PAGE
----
Physical and psychological attributes can also be barriers, such as lack of ICT skills [36-39], distrust of internet [40] or health information it provides [41-43], and lack of motivation to access eHealth services [44,45]. Someone’s current health may increase motivation to use the internet for health information [46,47], even as it limits their ability to do so [48]. Although video use is increasing, much internet health information is text based, meaning low-literacy populations can struggle to use information effectively [26,28,49,50].

Interpersonal (Social) Barrier

Some factors limiting eHealth use may be moderated if people have social support [34]. Many nonusers have some form of indirect access to the internet via other individuals (proxy users). In the United Kingdom, in 2013, approximately 70% of nonusers reported having access to a proxy user but only 20% actually used them to access the internet [51]. Nonusers who do not have access to or choose not to use the internet may lack a strong support structure to help them overcome fears and apprehension [52]. With decreased social connection, some may also lack exposure to the internet and other technologies [53]. Furthermore, they may not perceive the usefulness in adopting internet use or have limited motivation to do so [54,55].

Economic Barrier

UK national figures indicated that lower-income households were less likely to access the internet [56]. Although homes may be technically capable of internet connection, families may not be able to afford it; someone relying on accessing the internet at their local library may be restricted by transport costs [34]. Women diagnosed with breast cancer were less likely to use the internet for health if they had a lower income, even after controlling for other predictors [57]. Lung cancer patients with higher income were more likely to seek Web-based health information about their condition [58].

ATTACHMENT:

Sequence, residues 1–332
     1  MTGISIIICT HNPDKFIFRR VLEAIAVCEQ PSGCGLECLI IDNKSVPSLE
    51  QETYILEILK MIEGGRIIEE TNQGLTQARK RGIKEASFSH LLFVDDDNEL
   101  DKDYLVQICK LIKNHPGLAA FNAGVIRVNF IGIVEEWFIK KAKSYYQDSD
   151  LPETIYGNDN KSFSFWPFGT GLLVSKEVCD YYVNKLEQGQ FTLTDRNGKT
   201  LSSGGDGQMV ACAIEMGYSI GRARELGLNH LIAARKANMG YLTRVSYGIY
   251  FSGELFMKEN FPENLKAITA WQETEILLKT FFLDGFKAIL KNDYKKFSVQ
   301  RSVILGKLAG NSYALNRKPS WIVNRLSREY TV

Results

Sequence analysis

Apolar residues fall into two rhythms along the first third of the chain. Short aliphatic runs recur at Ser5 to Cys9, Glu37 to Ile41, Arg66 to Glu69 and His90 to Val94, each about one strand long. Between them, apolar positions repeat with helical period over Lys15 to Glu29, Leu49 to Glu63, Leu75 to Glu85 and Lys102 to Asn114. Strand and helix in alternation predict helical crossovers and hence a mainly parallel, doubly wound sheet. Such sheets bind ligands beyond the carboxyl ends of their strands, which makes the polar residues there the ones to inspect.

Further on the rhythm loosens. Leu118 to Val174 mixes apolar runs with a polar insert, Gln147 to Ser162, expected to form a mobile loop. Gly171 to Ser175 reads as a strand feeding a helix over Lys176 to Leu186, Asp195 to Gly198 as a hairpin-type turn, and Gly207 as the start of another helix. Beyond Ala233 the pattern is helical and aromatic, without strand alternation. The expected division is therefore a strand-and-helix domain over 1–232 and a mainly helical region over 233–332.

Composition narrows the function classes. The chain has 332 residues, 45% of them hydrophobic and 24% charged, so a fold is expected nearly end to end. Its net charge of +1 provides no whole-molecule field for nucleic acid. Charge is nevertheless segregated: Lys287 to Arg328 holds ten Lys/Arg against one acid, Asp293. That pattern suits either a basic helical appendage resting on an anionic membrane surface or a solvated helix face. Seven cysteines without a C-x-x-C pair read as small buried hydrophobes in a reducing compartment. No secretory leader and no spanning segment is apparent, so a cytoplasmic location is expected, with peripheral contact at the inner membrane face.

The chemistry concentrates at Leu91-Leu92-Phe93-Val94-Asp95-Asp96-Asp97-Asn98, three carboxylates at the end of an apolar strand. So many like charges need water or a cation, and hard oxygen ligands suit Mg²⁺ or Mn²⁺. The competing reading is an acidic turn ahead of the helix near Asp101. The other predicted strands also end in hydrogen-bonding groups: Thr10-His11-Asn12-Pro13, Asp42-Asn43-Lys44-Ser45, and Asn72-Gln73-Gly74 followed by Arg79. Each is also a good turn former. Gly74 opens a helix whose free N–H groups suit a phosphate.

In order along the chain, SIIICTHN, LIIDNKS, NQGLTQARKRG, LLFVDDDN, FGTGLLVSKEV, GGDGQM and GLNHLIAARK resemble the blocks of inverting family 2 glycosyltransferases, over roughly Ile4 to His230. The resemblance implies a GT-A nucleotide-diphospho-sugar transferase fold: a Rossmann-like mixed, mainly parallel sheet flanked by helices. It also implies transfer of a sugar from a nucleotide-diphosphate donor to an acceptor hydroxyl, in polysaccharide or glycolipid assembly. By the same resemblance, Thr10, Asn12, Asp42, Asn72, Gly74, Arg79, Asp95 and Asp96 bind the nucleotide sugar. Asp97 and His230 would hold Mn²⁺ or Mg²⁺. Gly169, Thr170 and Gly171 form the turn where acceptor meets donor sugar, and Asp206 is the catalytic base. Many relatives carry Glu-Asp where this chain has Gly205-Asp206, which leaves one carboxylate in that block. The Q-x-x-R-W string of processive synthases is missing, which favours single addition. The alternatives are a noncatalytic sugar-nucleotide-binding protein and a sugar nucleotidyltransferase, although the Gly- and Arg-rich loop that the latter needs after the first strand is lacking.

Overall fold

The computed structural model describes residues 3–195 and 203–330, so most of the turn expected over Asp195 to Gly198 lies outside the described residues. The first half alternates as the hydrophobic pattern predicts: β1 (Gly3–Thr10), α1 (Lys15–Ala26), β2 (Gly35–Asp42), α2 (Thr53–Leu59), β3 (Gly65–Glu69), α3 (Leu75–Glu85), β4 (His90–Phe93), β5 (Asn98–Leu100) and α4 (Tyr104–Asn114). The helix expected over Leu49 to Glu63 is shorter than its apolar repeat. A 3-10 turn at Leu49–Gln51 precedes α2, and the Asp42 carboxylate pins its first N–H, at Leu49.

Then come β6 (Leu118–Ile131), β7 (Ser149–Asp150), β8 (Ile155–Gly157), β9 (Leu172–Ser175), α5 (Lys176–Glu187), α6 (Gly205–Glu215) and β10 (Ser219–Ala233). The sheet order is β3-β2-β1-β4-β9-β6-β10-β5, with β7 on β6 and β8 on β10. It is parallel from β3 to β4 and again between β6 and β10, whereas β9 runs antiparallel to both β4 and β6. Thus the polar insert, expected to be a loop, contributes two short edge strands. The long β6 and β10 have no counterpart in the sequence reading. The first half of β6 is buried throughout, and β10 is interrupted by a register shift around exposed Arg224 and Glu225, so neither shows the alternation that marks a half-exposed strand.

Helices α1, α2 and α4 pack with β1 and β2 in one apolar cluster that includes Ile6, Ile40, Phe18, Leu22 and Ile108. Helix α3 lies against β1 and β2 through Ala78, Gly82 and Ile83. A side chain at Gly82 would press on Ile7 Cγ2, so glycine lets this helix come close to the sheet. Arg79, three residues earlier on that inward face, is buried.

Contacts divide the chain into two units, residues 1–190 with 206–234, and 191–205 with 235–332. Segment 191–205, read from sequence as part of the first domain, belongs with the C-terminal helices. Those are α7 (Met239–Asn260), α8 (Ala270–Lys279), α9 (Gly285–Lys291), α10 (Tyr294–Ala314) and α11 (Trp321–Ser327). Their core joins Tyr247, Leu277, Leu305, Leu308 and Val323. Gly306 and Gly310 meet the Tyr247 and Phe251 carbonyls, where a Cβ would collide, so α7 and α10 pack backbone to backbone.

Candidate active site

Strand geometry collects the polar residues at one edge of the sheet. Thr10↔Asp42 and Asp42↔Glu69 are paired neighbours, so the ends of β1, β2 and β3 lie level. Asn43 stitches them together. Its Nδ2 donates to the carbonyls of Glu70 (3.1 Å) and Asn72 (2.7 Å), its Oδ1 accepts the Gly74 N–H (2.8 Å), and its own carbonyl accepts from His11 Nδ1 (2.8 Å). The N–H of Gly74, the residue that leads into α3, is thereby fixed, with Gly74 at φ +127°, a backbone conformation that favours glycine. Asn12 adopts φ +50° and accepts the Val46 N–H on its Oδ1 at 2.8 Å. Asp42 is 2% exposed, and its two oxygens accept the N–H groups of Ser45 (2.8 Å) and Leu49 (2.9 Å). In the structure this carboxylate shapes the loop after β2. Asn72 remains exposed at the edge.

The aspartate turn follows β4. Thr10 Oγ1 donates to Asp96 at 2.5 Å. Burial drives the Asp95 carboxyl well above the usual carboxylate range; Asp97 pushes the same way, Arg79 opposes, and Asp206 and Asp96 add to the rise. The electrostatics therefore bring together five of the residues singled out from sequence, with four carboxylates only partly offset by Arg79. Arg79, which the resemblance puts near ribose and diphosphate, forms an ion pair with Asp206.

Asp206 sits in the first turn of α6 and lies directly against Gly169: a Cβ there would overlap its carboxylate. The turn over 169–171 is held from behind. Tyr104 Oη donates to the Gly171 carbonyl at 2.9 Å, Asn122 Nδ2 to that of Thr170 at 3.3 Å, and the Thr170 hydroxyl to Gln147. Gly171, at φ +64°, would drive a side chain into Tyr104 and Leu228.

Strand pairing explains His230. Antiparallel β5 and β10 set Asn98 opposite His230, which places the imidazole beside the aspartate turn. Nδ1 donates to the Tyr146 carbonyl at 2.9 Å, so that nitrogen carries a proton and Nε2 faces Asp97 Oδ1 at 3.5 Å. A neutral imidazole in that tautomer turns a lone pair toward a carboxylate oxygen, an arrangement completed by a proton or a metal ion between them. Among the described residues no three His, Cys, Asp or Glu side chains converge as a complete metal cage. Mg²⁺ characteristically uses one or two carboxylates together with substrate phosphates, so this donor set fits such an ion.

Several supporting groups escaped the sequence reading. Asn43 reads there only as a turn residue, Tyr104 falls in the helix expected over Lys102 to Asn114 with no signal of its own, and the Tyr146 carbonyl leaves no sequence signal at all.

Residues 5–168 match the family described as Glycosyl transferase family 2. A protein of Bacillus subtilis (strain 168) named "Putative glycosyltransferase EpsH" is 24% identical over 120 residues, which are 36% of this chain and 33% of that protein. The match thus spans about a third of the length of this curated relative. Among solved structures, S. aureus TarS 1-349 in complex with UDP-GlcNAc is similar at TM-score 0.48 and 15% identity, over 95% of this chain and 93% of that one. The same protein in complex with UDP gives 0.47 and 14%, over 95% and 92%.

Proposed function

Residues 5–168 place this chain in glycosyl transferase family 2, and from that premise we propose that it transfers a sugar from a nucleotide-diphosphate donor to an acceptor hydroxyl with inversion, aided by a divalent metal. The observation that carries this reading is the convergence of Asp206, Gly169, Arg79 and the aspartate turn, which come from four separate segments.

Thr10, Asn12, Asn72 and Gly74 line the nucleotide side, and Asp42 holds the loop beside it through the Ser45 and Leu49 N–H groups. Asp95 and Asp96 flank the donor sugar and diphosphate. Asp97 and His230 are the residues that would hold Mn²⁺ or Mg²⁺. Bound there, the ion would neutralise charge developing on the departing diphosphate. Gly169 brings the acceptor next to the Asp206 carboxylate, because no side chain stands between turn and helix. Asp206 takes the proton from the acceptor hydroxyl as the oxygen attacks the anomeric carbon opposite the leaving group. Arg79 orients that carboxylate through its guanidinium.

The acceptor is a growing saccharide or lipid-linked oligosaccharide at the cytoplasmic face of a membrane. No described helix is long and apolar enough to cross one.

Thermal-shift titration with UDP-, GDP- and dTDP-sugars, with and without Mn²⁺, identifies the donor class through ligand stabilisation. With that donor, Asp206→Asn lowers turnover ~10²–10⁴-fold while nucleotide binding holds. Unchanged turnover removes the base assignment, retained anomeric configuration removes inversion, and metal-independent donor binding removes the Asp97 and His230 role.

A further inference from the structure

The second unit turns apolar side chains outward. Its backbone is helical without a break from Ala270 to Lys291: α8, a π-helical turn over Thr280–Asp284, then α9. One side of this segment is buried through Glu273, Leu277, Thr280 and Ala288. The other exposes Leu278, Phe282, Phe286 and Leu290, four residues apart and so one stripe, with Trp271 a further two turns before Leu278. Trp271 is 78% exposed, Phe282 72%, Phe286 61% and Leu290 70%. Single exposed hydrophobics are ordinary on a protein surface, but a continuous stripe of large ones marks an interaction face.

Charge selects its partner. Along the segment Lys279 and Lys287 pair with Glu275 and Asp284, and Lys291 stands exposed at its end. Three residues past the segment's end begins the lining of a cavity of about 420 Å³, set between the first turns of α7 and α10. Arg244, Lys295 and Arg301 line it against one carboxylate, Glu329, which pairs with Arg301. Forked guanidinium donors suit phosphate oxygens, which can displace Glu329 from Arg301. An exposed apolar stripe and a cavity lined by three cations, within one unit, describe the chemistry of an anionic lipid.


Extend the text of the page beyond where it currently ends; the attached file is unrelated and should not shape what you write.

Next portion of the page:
Measuring Electronic Health Readiness

The degree to which people are prepared and able to use eHealth can be termed “eHealth readiness” [59]. eHealth readiness has been approached in various ways with some focusing on the readiness of a whole sector or system; Legare et al [60] identified 6 different assessment tools [61-66] for this approach. Others have assessed the eHealth literacy of individuals, for example, the eHealth literacy scale (eHEALS) [67]. Jones [34] took a pragmatic compromise examining eHealth readiness of individuals, but including in this their opportunities from infrastructure, economics, and social support. The Personal eHealth Readiness Questionnaire (PERQ) [68] was designed to measure the impact of interventions that aimed to improve eHealth readiness and reduce eHealth inequalities. PERQ uses a similar approach to eHEALS, adopting the use of scales as opposed to a binary measure, but included further variables to cover the full range of individuals from noninternet users to frequent internet users. PERQ has 4 subcomponents: provision, personal, support, and economic.